Genome-wide molecular phylogenetic analyses and mating experiments which reveal the evolutionary history and an intermediate stage of speciation of a giant water bug

Tomoya Suzuki, Koki Yano, Shin ya Ohba, Keisuke Kawano, Kazuki Sekiné, Yeon Jae Bae, Koji Tojo

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5 Citations (Scopus)

Abstract

The intermediate stages of speciation are important for understanding the processes involved in the creation of biodiversity, and also comprise a number of interesting phenomena. However, difficulties are associated with dividing clear speciation stages because speciation is a continuous process. Therefore, the elucidation of speciation is an interesting and important task in evolutionary biology. We herein present an example of a species in an intermediate stage of speciation using the giant water bug Appasus japonicus (Heteroptera, Belostomatidae) that was investigated using mating experiments and phylogenetic analyses of the mtDNA COI (658 bp) and 16S rRNA (435 bp) regions, and nDNA SSR (13 loci) and its genome-wide SNPs (11,241 SNPs). The results of our phylogenetic analyses based on their mtDNA data set and the genome-wide SNPs data set strongly supported the paraphyly of the Japanese populations. Therefore, it is suggested that their ancestral lineage which being distributed in the Japanese Archipelago subsequently migrated to the Eurasian Continent (i.e., back-dispersal occurred). Furthermore, the results of the mating experiments suggested that among A. japonicus, even between closely related lineages, premating reproductive isolation has been established by the differentiation of copulatory organ morphologies. In contrast, premating reproductive isolation is not established in the absence of the differentiation of copulatory organ morphologies, even if genetic differentiation is prominent. These results suggested that their phylogenetic distance does not predict premating reproductive isolation. Furthermore, in the present study, we present a clear example of premating reproductive isolation driving speciation between closely related lineages.

Original languageEnglish
Pages (from-to)5179-5195
Number of pages17
JournalMolecular Ecology
Volume30
Issue number20
DOIs
Publication statusPublished - 2021 Oct

Bibliographical note

Funding Information:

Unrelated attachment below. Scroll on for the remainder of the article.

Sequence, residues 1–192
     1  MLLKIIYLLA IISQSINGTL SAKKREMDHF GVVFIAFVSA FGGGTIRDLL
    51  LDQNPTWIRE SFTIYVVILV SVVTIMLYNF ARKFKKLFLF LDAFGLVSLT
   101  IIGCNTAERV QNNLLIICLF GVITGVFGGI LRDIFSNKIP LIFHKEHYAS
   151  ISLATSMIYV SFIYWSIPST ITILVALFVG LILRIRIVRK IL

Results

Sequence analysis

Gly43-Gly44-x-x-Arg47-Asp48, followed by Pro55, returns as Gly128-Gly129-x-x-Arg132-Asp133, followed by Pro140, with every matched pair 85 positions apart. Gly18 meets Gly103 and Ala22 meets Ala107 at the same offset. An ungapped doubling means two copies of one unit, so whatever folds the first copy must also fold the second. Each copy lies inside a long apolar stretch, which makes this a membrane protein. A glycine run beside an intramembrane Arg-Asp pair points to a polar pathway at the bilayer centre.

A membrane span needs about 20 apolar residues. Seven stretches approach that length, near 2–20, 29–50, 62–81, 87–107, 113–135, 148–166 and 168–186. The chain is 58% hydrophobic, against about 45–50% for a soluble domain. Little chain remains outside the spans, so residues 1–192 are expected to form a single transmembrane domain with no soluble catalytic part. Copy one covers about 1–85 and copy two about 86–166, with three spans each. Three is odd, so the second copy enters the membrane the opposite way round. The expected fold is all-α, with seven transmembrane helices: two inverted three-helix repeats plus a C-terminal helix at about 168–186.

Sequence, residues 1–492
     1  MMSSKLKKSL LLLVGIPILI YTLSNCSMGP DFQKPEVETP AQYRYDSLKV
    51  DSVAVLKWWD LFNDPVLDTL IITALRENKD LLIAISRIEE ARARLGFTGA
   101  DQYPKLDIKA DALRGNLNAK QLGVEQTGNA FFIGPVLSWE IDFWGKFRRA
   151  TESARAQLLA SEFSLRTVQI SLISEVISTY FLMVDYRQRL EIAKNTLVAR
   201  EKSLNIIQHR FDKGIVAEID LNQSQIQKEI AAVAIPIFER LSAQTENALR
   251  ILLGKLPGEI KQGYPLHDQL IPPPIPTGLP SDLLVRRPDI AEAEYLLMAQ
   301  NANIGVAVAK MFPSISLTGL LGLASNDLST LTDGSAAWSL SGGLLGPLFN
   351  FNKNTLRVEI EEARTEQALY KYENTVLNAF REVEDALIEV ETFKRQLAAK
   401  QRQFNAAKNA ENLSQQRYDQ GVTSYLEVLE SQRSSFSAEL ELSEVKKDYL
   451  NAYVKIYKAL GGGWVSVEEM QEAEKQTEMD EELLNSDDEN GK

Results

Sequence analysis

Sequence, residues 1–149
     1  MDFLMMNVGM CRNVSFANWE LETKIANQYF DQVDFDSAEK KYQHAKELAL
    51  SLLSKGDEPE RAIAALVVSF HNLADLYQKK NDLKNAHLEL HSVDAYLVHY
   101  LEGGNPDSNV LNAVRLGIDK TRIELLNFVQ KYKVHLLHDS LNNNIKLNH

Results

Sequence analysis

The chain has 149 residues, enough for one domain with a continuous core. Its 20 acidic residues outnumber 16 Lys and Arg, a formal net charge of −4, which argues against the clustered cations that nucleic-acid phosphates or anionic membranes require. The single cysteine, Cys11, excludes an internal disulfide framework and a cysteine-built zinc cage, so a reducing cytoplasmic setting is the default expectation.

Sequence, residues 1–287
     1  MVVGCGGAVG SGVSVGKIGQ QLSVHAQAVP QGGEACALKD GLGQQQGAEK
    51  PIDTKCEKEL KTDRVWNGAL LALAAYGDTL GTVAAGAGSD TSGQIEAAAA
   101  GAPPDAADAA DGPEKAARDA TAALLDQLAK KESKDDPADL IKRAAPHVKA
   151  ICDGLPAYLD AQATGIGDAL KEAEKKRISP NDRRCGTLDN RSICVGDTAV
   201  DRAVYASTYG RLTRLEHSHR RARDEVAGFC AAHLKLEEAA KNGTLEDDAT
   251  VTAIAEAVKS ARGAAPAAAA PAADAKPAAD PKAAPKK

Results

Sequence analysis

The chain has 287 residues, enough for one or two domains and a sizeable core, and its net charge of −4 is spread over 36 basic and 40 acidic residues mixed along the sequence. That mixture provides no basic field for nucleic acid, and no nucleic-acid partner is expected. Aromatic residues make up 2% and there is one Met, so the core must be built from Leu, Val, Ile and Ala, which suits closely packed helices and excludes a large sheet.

We thank Professor Emeritus K. Suzuki of Shinshu University for arranging the study environment. We also express our thanks to Dr M. Takenaka (University of Tsukuba), Mr M. Shimono (Iwakuni City) and Ms H. Yamazaki (Shinshu University) for their cooperation with the field research and collection of specimens, Mr K. Yoneta, Mr T. Sato and Mr M. Murakami for their cooperation with the molecular experiments, and Mr K. Mikami, Mr O. Ohnishi, Mr T. Sekiya, Mr T. Ohtani, and Mr M. Tamura of Shinshu University for their cooperation with keeping the materials used for mating experiments. We are sincerely thankful to Dr M. D. Scherz (University of Potsdam) for his many valuable comments on this study. This study was supported by JSPS KAKENHI Grant Numbers JP20687005, JP23657046, JP16K14807 (K.T.), 285211031 (K.T.), and JP26891010, JP19K16209 (T.S.), the River Fund of The River Foundation, Japan (27-1215-013; K.T.), and the Sasakawa Scientific Research Grant (26-529; T.S.).

Funding Information:
We thank Professor Emeritus K. Suzuki of Shinshu University for arranging the study environment. We also express our thanks to Dr M. Takenaka (University of Tsukuba), Mr M. Shimono (Iwakuni City) and Ms H. Yamazaki (Shinshu University) for their cooperation with the field research and collection of specimens, Mr K. Yoneta, Mr T. Sato and Mr M. Murakami for their cooperation with the molecular experiments, and Mr K. Mikami, Mr O. Ohnishi, Mr T. Sekiya, Mr T. Ohtani, and Mr M. Tamura of Shinshu University for their cooperation with keeping the materials used for mating experiments. We are sincerely thankful to Dr M. D. Scherz (University of Potsdam) for his many valuable comments on this study. This study was supported by JSPS KAKENHI Grant Numbers JP20687005, JP23657046, JP16K14807 (K.T.), 285211031 (K.T.), and JP26891010, JP19K16209 (T.S.), the River Fund of The River Foundation, Japan (27‐1215‐013; K.T.), and the Sasakawa Scientific Research Grant (26‐529; T.S.).

Publisher Copyright:
© 2021 John Wiley & Sons Ltd

Keywords

  • Belostomatidae
  • biogeography
  • reproductive isolation
  • reproductive organ
  • speciation

ASJC Scopus subject areas

  • Ecology, Evolution, Behavior and Systematics
  • Genetics

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